Monday, February 2, 2015

February 10-15 Potential Winter Storm

I'm watching for the potential for wintry weather in the February 10-15 period.

Tropical Tidbits
The image above shows 500mb geopotential height values for the morning of February 5th, with mean sea level pressure (MSLP) contours superimposed. In this graphic, we see two areas of low pressure over the Western Pacific. The more dominant system is located south and east of Japan, with another piece of energy just west of this island nation. In the forecast hours after this graphic, it appears the energy west of Japan transfers to the storm east of Japan. From there, the dominant low moves generally northeast, away from Japan. When we use the Typhoon Rule, which states weather phenomena occurring over Japan is reciprocated in the US 6-10 days later, a storm in the US might be expected in a February 10-15th period, adding a day for some uncertainty I have on timing. Additionally, the transfer of energy over Japan tells me we could be looking at a transfer scenario from the Midwest/Great Lakes/Ohio Valley into the Northeast.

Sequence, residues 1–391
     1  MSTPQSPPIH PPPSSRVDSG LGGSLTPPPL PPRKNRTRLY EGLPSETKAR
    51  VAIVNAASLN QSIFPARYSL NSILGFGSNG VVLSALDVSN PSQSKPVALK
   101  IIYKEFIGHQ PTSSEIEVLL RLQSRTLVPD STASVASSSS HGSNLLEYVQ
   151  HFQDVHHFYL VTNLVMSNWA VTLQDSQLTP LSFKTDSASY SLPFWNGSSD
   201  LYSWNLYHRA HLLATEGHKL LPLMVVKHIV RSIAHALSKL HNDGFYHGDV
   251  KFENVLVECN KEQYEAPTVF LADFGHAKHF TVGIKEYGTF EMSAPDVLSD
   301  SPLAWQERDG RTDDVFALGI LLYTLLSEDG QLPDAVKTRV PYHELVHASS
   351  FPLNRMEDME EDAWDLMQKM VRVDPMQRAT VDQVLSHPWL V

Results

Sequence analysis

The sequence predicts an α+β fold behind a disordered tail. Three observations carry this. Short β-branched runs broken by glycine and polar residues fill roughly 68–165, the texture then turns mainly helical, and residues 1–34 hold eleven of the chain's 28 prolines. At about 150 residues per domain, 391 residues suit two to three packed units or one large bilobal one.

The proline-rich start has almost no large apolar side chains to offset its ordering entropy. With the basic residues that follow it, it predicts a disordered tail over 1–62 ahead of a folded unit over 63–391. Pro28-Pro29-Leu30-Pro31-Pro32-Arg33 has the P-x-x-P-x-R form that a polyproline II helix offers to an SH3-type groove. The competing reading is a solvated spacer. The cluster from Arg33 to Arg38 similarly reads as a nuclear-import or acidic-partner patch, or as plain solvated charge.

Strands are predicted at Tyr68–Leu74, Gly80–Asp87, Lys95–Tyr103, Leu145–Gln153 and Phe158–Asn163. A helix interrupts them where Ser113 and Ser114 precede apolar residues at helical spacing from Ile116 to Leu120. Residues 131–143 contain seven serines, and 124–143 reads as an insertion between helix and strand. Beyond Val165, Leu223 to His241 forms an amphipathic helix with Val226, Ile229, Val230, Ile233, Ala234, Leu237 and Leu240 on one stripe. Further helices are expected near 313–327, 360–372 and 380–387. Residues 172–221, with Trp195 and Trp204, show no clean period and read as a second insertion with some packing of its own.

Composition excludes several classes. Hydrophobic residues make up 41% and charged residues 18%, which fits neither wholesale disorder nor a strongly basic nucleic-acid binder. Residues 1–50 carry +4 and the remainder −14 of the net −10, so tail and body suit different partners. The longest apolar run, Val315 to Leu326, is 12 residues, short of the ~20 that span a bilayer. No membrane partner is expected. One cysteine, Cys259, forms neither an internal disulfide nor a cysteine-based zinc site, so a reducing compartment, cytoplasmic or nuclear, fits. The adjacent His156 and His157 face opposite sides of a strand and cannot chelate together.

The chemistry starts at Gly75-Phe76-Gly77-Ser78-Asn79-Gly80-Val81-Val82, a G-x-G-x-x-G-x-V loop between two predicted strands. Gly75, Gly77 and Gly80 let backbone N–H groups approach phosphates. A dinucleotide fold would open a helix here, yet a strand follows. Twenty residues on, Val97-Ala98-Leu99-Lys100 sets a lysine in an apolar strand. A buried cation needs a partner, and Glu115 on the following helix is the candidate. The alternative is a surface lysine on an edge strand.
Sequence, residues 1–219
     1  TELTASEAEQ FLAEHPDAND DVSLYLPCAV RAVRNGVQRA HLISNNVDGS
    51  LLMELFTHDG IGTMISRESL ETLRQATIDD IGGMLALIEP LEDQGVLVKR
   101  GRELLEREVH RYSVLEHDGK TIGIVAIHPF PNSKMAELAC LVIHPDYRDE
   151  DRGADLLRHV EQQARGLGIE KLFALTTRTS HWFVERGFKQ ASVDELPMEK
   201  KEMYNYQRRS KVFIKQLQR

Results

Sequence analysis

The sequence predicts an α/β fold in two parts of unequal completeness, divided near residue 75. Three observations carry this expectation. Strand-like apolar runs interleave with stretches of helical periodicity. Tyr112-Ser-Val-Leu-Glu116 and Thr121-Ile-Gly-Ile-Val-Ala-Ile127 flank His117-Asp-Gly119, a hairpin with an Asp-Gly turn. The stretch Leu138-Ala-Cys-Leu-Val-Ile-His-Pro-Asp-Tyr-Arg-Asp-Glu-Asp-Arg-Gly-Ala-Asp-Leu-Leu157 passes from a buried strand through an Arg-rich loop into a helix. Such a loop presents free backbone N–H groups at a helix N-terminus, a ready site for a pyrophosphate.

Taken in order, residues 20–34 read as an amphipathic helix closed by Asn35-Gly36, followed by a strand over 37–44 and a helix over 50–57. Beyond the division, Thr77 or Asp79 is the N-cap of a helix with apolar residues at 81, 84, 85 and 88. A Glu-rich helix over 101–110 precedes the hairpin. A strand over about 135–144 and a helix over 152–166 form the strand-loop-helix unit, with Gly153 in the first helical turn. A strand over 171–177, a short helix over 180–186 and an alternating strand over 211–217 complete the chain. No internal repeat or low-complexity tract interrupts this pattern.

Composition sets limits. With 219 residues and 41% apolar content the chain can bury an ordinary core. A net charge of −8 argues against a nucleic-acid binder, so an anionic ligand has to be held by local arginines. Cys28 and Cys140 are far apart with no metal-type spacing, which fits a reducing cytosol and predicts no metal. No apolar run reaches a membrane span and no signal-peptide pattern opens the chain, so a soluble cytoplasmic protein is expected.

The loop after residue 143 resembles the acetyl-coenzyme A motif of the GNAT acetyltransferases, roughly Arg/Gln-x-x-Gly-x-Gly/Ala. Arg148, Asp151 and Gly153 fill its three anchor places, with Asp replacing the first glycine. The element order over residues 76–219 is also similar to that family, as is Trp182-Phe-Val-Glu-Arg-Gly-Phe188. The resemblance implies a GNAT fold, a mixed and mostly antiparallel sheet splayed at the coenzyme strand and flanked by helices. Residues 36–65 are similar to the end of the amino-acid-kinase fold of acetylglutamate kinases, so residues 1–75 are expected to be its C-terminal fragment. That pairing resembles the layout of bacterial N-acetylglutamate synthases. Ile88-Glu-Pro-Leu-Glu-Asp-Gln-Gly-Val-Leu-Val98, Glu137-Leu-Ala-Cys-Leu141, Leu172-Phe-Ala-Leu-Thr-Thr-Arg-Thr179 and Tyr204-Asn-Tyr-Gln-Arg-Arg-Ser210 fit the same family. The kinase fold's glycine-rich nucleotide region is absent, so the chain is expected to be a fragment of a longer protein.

ESRL
We can take a look at teleconnections to get a glimpse at what this storm might do. For this post, we'll pay attention to the top-right North Atlantic Oscillation (NAO) outlook. Notice how the index rises from negative to neutral territory right in the timeframe of this potential winter storm. The NAO switching phases is known to be a red flag for snowstorms in the Northeast, as the risk of snow events in that area tend to rise when this switching of phases occurs. This could support the idea of a transfer storm to the Northeast, like the GFS showed (in a likely overdone projection) in its 12z forecast:

Tropical Tidbits

To summarize:

- Model guidance is indicating a winter storm may impact the country in a February 10-15 period.
- As of now, a transfer low from the North-Central US to the East Coast may be a likely solution.
- As usual, high uncertainty still exists.

Andrew

2 comments:

Jimmy Story said...

Andrew, looking ahead, what's your take on the dreaded blocking high ridge over the southwest? Do you see any snow over the Sierra Nevada mountains?

Anonymous said...

Do you see any snow for the ATL burbs this winter?